“I take you to bus station. You ask.”
“No no. Go to Asiatique,” we told him.

I decided to switch off speaking and just waved away all subsequent offers. He was getting hot by the minute; I knew his temper was rising from his voice. He made a call on his mobile and started narrating something about us and referred quite often to ‘Indians’. For a minute I wondered if he would set us up to get mugged! But then Thailand is supposed to be tourist friendly and we were glad to see the Asiatique signboard. Phew; we jumped off after paying him his fare but he still kept cursing us.

(Pic on right - a fish spa; for a change fish eat humans!)

Saturday, June 22, 2013

Travelogue: Climbing Up...

Wat Arun (also called Temple of the Dawn) is relatively small compared to Wat Pho. This one goes vertically upwards. There are 2 guardian statutes facing outwards (unlike the Emerald Temple where they face inwards); again the guardians are based on Ramayana. And I read that the name Arun itself comes from the god Aruna (brother of the Garuda).
(Pic on left: Temple Guardians)
There are three flights of stairs to climb. The first set of stairs are not very steep; the second set is medium and the last set to go to the top is the steepest; it feels almost like climbing up a ladder. Small kids and elderly people probably won’t be able to make it to the top. And when you climb such steep steps you always have the fear of ‘what if someone climbing ahead slips’! At each level you can go around the structure but the area keeps narrowing down because the whole structure is like an inverted cone. Being tired, it felt great to stand on top to absorb the strong breeze. Our veggie friend with the sprained ankle didn’t want to miss this and he pushed himself to climb up and possibly worsened his foot because it was quite swollen. The height of the temple is about 60 meters.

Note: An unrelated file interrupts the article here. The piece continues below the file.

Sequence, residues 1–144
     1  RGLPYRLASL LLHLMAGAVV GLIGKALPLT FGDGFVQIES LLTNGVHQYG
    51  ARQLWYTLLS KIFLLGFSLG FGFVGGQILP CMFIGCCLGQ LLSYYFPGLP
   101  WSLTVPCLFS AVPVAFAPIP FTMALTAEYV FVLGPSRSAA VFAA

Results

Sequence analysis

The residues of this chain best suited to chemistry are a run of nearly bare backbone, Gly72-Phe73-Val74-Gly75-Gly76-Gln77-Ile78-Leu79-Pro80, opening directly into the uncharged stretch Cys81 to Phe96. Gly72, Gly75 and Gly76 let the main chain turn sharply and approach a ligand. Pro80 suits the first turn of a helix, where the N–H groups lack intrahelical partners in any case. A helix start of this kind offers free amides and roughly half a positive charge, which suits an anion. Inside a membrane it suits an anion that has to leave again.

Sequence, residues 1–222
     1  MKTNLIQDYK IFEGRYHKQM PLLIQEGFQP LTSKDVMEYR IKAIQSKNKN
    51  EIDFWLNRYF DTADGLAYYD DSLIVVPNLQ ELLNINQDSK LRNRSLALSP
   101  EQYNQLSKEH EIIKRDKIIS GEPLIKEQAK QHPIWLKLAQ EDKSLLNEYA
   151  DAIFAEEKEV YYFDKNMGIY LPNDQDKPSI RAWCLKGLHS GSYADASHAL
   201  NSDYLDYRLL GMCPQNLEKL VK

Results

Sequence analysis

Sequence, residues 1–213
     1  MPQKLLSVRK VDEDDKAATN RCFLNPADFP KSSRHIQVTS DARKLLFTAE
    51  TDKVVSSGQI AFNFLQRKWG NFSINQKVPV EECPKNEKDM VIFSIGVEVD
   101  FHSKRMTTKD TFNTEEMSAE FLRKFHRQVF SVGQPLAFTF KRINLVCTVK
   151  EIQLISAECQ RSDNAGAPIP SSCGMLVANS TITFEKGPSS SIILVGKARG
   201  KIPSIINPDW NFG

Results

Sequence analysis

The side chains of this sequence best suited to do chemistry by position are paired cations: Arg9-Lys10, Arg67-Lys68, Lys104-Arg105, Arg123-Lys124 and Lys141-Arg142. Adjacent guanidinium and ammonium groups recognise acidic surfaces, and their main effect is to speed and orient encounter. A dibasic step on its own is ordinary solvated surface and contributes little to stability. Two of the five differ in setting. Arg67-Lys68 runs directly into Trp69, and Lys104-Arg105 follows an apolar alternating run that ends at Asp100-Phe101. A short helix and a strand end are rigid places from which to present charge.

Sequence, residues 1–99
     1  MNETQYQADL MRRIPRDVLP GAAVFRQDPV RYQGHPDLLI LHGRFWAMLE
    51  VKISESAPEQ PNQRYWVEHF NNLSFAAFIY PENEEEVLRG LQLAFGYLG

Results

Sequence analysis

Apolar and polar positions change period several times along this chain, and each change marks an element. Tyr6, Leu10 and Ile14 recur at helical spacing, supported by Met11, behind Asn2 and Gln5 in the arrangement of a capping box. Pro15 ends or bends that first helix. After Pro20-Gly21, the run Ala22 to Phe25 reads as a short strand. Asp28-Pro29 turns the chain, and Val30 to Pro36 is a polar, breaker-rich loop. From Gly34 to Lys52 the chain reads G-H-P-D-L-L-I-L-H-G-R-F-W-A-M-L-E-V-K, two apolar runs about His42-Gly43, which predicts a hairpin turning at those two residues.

We cautiously climbed down; some preferred going down facing outwards (back facing the stairs) while some preferred going down inwards.
You’ll find a lot of roadside food vendors in Bangkok; and for our veggie friend this was a relief because some had fruit juices and cut fruits; they cost between 10 Baht and 20 Baht. Our veggie friend had a few long pieces of green mango – that was his lunch!